Sunday, September 16, 2012
Wrap-up: Rams 31, Redskins 28
By Mike Sando
Thoughts after the St. Louis Rams' 31-28 victory over the Washington Redskins at the Edward Jones Dome:
What it means: The Rams improved to 1-1 while serving notice, again, that they'll be more competitive and resilient under first-year head coach Jeff Fisher. Not only that, they'll win on occasion. Quarterback Sam Bradford matched and probably outplayed Robert Griffin III, his heralded rookie counterpart, while the Rams' franchise running back, Steven Jackson, mysteriously watched most of the game from the sideline. This is Fisher's team, but the offense belonged to Bradford on this day. Perhaps that will continue.
What I liked: The Rams kept coming back. They turned a disastrous start and a 21-6 deficit into a 23-21 lead. They turned a 28-23 deficit into a 31-23 lead. They shrugged off two crushing plays (a Redskins fumble return and Bradford's interception in the end zone). They shrugged off additional issues to the offensive line, even after their backup left tackle, Wayne Hunter, left with an injury.
Bradford tossed more than two scoring passes in a game for the second time in his career. Danny Amendola caught 12 passes in the first half. Rookie Daryl Richardson added a welcome speed dynamic at running back with a 53-yard burst around the right side (although he lost a fumble late). The offense functioned at a much higher level than anticipated given issues on the offensive line and the Redskins' strength in the front seven.
Bradford completed 26 of 35 passes for 310 yards with three touchdowns, one interception and a 117.6 passer rating. He pumped his fist and hugged teammate Chris Long on the field after kneeling to run out the clock on the Rams' first victory under Fisher. This team has suffered for so long. Players knew they were making strides under Fisher, and now they have some proof.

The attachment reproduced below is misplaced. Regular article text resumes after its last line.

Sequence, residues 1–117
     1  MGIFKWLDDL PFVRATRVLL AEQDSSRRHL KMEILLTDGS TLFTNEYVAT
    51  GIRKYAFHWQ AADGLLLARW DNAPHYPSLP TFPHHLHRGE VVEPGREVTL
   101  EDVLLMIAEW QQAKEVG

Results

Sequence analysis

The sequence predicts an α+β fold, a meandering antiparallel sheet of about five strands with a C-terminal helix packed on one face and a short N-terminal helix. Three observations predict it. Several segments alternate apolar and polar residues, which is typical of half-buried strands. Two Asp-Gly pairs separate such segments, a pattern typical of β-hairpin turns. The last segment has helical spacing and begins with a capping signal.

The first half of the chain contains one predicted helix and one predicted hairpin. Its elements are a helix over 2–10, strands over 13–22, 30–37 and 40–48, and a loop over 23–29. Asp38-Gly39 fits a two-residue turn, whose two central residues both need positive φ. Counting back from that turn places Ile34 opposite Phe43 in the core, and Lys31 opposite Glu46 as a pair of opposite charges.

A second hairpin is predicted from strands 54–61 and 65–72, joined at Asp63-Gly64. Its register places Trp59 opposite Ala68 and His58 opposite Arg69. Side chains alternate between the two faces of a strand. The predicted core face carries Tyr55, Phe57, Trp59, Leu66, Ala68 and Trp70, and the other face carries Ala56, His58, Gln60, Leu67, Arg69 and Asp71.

What I didn't like: Officials lost control of the game early and appeared to botch a ruling when they determined Jackson had fumbled short of the goal line. Replays showed Jackson's elbow was down before the ball came out. Jackson apparently thought he scored. He spiked the football. Officials flagged him for unsportsmanlike conduct. The penalty moved back the Rams, who settled for a field goal. Jackson watched the rest of the game from the sideline even though he was apparently healthy. Was Fisher making a statement that no player is above the team? He'll have to explain, but it had to be tough for Rams fans to see Jackson rendered irrelevant on such a joyous day for the team.
Amendola lost a fumble on the Rams' first offensive play, leading to Josh Wilson's 30-yard touchdown return for the Redskins only seconds into the game. That's no way to begin any game, let alone the first home game of the Fisher era.
What's next: The Rams visit Chicago in Week 3.